This past week I was thinking about how things change over time. I must be feeling nostalgic or something but I spent a little bit of time reminiscing about how things used to be when I was younger and one of those memories was about how we used to communicate with one another.
I went to a college that was several hours away from where my parents lived and since it was long before the ease of having cell phones at our disposal we had to come up with other methods of keeping in touch. The one thing that my parents asked me to do when I left for college was to write a letter to them each week. The cost of a postage stamp when I started college was a mere 15 cents and by the time I graduated it was up to 20 cents. Still, it was an affordable way to keep in touch.
But that meant that I actually had to write that letter. It seemed like a very small price to pay for the education that my parents were paying for and so I did it. I think I was pretty faithful in sending that weekly letter.
What I do remember is that I used to have fairly decent handwriting. Or at least I thought I did. But these days my handwriting has devolved into somewhat of a scrawl and I have to really concentrate to make my handwriting legible. I think it is a combination of being in a hurry and the constant use of computers. I am out of practice.
During Lent the five years or so I have added something instead of the traditional giving up of something. I have sent a handwritten homemade card or letter to someone for 40 days during that time period. Each day I choose someone near or far to send a card to to tell them what they mean to me in my life. It has become a practice that I look forward to. I have heard back from nearly every single one of those 40 people telling me that it was nice to get a card or letter in the mail. While my motivation is not to receive thanks it has certainly been a wonderful end product from a discipline that I have felt I needed to practice.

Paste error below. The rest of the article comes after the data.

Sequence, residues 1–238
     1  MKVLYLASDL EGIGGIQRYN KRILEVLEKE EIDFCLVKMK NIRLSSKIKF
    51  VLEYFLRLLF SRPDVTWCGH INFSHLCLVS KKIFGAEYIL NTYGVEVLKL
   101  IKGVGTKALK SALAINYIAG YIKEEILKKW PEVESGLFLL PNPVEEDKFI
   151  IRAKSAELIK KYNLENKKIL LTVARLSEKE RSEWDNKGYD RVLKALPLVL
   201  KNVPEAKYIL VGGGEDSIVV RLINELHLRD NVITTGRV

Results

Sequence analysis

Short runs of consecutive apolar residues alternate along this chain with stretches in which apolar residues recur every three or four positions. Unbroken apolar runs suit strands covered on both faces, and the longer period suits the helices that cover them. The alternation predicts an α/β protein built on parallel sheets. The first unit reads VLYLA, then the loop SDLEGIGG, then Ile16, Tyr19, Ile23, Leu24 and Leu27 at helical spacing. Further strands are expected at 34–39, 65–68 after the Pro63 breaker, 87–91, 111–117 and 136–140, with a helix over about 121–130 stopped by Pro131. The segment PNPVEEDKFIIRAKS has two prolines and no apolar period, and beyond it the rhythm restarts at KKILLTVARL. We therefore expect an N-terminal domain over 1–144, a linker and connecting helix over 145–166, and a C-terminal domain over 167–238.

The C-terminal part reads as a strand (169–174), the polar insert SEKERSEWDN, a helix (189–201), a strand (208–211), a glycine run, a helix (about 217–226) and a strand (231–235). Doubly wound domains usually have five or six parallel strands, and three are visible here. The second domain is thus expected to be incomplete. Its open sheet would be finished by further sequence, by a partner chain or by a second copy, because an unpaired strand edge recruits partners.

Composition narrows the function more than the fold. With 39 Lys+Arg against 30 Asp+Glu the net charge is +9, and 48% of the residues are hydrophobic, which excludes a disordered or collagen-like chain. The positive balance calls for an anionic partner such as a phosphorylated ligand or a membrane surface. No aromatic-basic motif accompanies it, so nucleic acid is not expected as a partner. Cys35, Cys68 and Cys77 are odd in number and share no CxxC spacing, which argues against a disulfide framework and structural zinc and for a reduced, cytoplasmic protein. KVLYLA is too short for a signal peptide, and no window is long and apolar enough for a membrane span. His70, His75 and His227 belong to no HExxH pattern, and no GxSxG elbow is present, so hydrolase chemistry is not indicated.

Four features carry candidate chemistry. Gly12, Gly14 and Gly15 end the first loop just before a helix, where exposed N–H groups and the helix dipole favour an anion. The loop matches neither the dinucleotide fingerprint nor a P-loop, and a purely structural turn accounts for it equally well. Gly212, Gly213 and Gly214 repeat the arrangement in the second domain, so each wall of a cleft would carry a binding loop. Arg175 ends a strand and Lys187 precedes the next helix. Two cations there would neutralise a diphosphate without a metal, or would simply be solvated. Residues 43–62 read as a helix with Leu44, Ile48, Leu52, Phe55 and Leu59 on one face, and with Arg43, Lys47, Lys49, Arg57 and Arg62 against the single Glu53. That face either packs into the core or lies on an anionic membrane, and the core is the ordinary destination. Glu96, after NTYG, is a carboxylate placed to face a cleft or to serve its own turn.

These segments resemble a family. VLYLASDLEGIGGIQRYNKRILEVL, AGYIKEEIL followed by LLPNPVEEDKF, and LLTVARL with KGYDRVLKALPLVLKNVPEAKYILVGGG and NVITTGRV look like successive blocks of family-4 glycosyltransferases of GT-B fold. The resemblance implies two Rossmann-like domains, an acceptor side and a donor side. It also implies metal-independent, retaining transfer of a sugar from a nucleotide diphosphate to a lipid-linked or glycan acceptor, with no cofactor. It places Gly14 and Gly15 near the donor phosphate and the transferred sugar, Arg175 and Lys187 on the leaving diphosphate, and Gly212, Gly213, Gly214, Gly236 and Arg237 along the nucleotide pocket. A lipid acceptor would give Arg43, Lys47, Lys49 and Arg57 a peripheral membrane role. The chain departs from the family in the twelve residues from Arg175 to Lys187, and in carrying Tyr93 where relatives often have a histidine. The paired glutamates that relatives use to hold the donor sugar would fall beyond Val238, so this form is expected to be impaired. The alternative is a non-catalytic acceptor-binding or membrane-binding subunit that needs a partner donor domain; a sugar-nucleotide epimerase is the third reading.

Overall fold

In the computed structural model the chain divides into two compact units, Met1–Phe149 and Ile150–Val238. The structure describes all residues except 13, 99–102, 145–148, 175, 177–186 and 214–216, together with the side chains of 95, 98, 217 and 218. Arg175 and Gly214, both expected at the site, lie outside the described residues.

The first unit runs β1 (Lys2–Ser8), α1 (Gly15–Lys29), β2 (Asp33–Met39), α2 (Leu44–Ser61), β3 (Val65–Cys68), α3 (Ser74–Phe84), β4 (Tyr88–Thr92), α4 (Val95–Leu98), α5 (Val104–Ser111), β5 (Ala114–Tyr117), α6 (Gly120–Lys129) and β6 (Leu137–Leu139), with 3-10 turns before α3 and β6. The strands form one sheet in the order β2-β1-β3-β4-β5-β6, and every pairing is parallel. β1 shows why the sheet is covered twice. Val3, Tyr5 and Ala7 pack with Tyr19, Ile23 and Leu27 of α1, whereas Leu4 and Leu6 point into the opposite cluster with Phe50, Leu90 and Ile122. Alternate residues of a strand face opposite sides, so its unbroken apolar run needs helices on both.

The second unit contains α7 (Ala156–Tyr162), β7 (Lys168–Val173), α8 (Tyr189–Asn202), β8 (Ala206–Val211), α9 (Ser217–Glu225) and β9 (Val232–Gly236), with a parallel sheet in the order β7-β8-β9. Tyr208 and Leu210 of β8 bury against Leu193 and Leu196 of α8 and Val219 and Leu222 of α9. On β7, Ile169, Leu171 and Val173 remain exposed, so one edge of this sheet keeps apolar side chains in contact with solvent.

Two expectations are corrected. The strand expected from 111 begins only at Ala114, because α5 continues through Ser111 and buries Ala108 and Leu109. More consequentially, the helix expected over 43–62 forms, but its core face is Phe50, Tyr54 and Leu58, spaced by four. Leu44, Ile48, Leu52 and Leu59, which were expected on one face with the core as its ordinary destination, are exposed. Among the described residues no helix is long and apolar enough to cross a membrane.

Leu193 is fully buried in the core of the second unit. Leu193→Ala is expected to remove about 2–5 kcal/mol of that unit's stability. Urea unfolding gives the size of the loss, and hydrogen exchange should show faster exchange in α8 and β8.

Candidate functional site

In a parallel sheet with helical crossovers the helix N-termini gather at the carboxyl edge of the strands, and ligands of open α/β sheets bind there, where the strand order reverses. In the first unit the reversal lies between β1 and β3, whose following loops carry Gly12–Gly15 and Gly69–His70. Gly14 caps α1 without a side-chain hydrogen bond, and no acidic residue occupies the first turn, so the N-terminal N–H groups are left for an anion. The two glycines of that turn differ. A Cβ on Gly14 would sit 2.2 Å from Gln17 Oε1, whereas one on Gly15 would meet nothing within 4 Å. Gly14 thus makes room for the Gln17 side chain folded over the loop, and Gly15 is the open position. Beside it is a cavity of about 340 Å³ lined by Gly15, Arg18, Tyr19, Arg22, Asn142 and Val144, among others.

When we cleaned out my in-law’s house I discovered a drawer that held letters and more letters. It seems that Chris’s mom saved every single letter that I had ever written to them over the years. When we got married we moved away from our families and lived in Orlando, Florida where Chris was in the Navy. I continued to write weekly letters to my own parents and I suspect I wrote almost weekly letters to Chris’s parents from the looks of it. I was amazed that she kept them all.
The other day I pulled those letters out and started to leaf through them. Did I write anything that was amazingly wonderful or creative? Nope. The letter at the top of the page was my first letter written as Mrs. Chris Chiles after we arrived in Orlando post honeymoon. Oh I was so young. But to know that my mother in law thought that they were worth saving makes me smile.
Writing letters seems to be a thing of the past. With email and instant messaging, Facebook and all the other modes of social media the handwritten letter is a rarity these days. I just had a conversation with one of our neighbors and she told me she still writes a couple of letters every day. I found that to be really a wonderful thing in this day and age.
When was the last time you sat down and wrote a letter to someone?
Does an email carry the same weight or so you miss the days when the postal carrier delivered more than just bills and junk mail?
Do you have any letters that you cherish? I would love to hear about them. Feel free to share in the comment section. We have a few more days to Comment for a Cause and contribute to a Toiletry Drive for Students so don’t be shy.